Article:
4 FM quick reads on design
1. The Importance of Color in Interior Design
Color can make or break a space. Choosing appropriate colors for a facility’s spaces is an important aspect of interior design. Even if your organization has hired an interior designer, it’s good to know a few basics about color.
Color is sometimes divided into two categories: warm and cool tones. Warm tones, like red, orange and yellow can energize a space and its occupants. Cool tones such as blue, green and purple generally create quiet, relaxing atmospheres.
When choosing wall and flooring colors, it’s important to keep the goal of the space in mind. If energetic work is being performed in a space, warm, exhilarating tones might be good to consider, for example. In break areas, cool tones may be more appropriate when occupants can relax.
Color has a profound influence on a space and the people in it. Use it to your advantage to create an inviting, productive space.
2. Geothermal heat pump systems
I’m Ed Sullivan, editor of Building Operating Management magazine. Today’s topic is geothermal heat pump systems.
Geothermal systems have garnered new attention because of the growing interest in green design. Geothermal systems work by transferring heat to and from the ground or ground water. In cold weather, the liquid in the pipes draws heat from the subsurface; in warm weather, heat from the building is transferred into the ground.
In the most common design, closed loops of pipes are placed into the ground. In vertical systems, wells are dug up to 300 feet deep for the pipes. In horizontal systems, the pipes are laid in trenches 6 to 10 feet underground and are usually used for smaller buildings.
The environmental benefit is simple: Geothermal systems provide heating and cooling without the use of fossil fuels. What’s more, they use technology that is simple, reliable and efficient, with operating costs up to 60 percent less than conventional systems. But they are significantly more expensive to install. Paybacks range from 5 to 12 years.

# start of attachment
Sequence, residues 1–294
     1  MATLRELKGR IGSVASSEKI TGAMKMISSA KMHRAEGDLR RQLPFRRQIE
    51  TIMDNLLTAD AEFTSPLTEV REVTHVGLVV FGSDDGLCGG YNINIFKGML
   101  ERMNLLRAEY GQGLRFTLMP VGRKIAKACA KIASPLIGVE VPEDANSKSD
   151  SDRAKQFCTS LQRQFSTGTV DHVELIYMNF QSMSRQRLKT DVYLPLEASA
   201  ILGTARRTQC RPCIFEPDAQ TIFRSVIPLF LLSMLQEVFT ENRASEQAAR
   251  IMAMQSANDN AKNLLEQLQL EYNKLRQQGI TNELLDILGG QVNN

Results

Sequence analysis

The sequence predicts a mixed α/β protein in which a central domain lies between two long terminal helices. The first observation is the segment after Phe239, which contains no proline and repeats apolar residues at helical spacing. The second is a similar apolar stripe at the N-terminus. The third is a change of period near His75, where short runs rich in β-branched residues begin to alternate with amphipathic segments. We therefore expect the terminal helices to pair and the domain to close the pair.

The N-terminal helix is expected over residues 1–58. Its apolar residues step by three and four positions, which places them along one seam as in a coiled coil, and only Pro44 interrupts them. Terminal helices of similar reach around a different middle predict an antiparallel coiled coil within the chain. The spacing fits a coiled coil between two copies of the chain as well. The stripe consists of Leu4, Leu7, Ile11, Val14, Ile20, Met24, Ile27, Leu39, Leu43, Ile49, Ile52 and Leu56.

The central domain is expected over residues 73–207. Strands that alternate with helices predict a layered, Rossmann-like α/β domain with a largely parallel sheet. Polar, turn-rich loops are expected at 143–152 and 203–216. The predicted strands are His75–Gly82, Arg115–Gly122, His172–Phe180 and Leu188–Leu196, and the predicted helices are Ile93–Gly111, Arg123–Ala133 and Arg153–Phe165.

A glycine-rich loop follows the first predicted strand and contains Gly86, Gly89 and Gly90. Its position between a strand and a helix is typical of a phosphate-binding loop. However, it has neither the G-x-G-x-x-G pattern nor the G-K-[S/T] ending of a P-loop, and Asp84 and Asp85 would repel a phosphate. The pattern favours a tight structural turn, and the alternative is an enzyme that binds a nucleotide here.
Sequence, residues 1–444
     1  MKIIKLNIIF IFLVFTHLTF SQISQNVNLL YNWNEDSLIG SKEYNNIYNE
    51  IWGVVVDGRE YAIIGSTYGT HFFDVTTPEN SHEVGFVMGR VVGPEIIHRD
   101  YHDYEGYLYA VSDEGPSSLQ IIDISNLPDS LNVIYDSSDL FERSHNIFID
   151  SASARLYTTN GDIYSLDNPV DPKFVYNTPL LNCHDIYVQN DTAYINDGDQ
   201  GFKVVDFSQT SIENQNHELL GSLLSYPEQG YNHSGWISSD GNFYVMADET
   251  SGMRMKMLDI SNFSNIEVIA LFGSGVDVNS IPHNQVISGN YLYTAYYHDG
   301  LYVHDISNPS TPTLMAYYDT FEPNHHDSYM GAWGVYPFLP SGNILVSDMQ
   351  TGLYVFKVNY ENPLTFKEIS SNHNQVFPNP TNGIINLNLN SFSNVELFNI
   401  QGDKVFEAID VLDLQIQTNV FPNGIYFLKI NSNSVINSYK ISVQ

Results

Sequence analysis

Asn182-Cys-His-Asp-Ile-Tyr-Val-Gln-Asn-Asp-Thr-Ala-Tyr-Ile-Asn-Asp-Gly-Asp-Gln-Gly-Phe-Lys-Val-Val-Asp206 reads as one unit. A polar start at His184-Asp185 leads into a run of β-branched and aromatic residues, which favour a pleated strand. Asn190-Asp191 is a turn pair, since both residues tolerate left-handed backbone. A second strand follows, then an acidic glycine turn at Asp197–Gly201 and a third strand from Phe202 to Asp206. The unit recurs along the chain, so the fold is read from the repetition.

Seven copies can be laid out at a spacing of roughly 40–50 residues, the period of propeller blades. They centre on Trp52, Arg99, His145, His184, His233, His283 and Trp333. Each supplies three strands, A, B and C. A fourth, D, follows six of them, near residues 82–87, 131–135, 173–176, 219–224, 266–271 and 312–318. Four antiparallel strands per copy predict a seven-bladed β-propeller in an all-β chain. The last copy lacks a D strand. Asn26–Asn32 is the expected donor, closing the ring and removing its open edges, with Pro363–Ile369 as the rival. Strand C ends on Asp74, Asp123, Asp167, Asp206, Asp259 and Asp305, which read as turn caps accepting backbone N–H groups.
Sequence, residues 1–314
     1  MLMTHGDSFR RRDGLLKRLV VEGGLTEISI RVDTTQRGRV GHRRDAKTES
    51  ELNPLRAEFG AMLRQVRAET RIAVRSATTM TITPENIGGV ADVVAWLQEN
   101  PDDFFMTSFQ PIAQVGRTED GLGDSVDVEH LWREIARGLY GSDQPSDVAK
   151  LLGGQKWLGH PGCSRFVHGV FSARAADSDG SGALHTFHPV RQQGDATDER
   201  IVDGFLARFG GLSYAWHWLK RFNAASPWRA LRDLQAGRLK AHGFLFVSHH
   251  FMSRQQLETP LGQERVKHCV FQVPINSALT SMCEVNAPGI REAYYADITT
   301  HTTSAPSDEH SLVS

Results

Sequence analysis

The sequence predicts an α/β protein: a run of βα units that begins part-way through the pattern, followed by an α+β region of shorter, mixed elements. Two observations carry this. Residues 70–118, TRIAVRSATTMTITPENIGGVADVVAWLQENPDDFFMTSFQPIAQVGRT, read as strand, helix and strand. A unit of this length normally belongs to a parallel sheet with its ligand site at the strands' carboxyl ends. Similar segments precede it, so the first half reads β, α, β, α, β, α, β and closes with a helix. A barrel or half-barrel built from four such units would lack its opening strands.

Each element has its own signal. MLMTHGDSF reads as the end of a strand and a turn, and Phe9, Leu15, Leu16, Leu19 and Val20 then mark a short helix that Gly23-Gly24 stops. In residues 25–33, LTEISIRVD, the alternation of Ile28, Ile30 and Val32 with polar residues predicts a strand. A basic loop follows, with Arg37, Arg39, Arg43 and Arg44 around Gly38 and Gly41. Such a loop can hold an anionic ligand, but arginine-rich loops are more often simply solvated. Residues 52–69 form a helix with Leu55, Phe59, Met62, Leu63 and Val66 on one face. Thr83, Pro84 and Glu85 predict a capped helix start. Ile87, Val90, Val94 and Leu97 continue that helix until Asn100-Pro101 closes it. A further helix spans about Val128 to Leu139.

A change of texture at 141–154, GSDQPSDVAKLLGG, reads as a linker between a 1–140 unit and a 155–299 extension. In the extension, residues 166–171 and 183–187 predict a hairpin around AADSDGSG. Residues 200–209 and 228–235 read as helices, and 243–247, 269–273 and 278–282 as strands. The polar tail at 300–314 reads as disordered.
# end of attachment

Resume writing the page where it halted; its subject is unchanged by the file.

3. Acoustically Sound Classrooms
Good classroom design should include good acoustic design. A classroom with bad acoustics will hinder the learning environment, making speech difficult to hear or hard to understand, a big problem for small children.
Three main acoustic issues should be addressed in classrooms. The first is controlling reverberation — a factor that can make speech unintelligible. This can usually be reduced by using sound-absorbent finishes in ceilings and walls.
The second issue is isolating the classroom from outside noise, such as street traffic, other children in the hallways or sound from neighboring classrooms. This can be achieved through construction methods and materials and is measured by sound transmission class.
The third concern is HVAC sound control. While effectively white noise, HVAC sound will still make speech unintelligible to students seated farthest from the teacher. The maximum sound coming from HVAC equipment should be between 35 and 40 dBA.
4. Efficient HVAC Systems May Qualify for Tax Breaks
I’m Ed Sullivan, editor of Building Operating Management magazine. Today’s topic is potential tax benefits for very efficient HVAC systems.
The Energy Policy Act of 2005 – better known as EPAct – provides tax deductions for the installation of HVAC systems with energy costs that are at least 16.7 percent than an HVAC system designed to meet the 2001 edition of ASHRAE 90.1. The deductions apply both to new construction and to renovations. Although HVAC component upgrades typically don’t qualify, a comprehensive system installation is a good candidate. So are geothermal and thermal storage systems.
Getting the deduction isn’t easy. EPAct requires that the performance of the system be substantiated by energy modeling. And the modeling required is different than the modeling required by LEED. But rebates may be available to cover at least some of the cost of modeling, though the rebates must be obtained before the modeling is conducted.
The tax benefits are currently due to expire at the end of 2008. But there are proposals in Congress to extend the tax breaks. For green buildings and other buildings where significant HVAC work is planned, the tax breaks are worth looking into.
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